- Industrial designs: new and independently created ornamental or non-functional aspects of an article, such as its shape, patterns, lines or colours, may be protected as an industrial design (e.g., architectural designs, textile designs, and graphical user interfaces). Businesses create or hire service providers to develop industrial designs to customize products, develop new market segments and strengthen brands.
- Trade secrets: information that is secret, has commercial value because it is secret, and has been subject to reasonable steps to keep it secret may be legally protected as a trade secret. Also known as “undisclosed information,” recipes, algorithms, customer and supplier lists, new product launch details, unpublished research, and advertising strategies may constitute trade secrets.
Why does IP matter for my business to trade?
Domestic IP laws and regulations have implications for product development, design, and delivery; marketing; exporting; licensing and franchising; and pricing. They can also influence your business’ ability to raise financial resources and attract foreign investors and partners.
Identifying the various types of IP that your business develops, which IP rights to protect and enforce, and in which jurisdictions, are important steps when considering foreign markets. Researching which IP rights are already protected for other businesses in your field of activity in a target market is equally critical to avoid infringement. As IP rights are protected and enforced at the domestic level, exporting services often entails navigating through IP laws and procedures applicable in each target market to assess whether export licenses are needed, and which trademarks are appropriate for the markets considered.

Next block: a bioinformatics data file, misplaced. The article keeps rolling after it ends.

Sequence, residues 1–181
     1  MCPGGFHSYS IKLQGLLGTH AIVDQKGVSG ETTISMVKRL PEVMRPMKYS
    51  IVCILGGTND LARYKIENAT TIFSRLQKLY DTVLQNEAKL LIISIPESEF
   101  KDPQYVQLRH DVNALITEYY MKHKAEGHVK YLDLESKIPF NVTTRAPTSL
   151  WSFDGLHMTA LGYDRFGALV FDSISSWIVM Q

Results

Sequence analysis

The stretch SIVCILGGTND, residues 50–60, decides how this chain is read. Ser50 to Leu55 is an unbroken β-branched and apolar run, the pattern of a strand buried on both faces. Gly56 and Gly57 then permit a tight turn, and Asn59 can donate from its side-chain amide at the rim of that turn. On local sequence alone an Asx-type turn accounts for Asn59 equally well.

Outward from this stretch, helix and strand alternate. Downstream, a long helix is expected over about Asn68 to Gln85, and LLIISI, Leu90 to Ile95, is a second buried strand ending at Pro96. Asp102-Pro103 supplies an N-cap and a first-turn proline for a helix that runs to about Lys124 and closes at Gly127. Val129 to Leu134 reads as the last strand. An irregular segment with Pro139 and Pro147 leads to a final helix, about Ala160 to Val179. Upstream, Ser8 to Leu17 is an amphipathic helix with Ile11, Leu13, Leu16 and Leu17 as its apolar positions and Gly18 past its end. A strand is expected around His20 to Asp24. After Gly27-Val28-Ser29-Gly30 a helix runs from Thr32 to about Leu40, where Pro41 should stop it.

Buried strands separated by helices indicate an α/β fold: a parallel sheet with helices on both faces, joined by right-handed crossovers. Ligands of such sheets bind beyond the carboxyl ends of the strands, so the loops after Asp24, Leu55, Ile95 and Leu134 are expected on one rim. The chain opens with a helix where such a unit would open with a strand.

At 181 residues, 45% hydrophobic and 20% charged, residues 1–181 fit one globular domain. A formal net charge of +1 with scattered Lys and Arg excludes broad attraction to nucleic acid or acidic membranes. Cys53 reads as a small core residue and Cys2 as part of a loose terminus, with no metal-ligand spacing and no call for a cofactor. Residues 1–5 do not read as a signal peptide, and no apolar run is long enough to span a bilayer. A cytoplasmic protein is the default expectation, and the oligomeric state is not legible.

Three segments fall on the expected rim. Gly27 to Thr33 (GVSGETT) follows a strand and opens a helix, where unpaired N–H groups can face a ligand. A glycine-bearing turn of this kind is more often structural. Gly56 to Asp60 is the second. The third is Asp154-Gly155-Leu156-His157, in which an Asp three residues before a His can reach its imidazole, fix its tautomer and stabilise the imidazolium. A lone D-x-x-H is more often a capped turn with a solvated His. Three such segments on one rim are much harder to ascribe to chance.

As engaging in trade expands the marketplace for your business, understanding and protecting your IP rights in relation to your competitors enables you to seize market value, hold transparent negotiations with business partners, and avoid costs from IP infringement (See guide on ways to resolve an IP dispute). For more information on why IP rights matter for exporters, see this WIPO training of trainers presentation.
Where can I learn more?
- Both your own and your target market’s domestic and/or regional IP office may offer useful resources and services. See WIPO’s Directory of Intellectual Property Offices.
- The World Intellectual Property Organization (WIPO) also offers several useful tools including:
- A free, online diagnostic tool that can help you to assess your business’ IP. The IP diagnostic contains several sections with questions on the types of IP that your business may have. At the end, this diagnostic provides a report with suggestions on how you can enhance the competitiveness of your business.
- The Inventor Assistance Program (IAP), which supports inventors in developing countries in filing patent applications. The program matches developing country inventors and small businesses with limited financial means with pro bono patent attorneys.